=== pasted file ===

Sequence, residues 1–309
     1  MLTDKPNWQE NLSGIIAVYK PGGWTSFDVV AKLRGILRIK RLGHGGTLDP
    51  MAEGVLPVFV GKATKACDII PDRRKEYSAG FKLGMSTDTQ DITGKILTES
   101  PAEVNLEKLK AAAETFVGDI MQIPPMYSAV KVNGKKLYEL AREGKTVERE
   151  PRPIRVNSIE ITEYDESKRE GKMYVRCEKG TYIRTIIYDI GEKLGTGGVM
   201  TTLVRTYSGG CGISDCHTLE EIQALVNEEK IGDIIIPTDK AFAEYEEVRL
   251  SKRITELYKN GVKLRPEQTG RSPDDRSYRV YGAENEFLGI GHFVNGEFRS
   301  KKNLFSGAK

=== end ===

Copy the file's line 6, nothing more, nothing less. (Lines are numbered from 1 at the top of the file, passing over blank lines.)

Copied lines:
   201  TTLVRTYSGG CGISDCHTLE EIQALVNEEK IGDIIIPTDK AFAEYEEVRL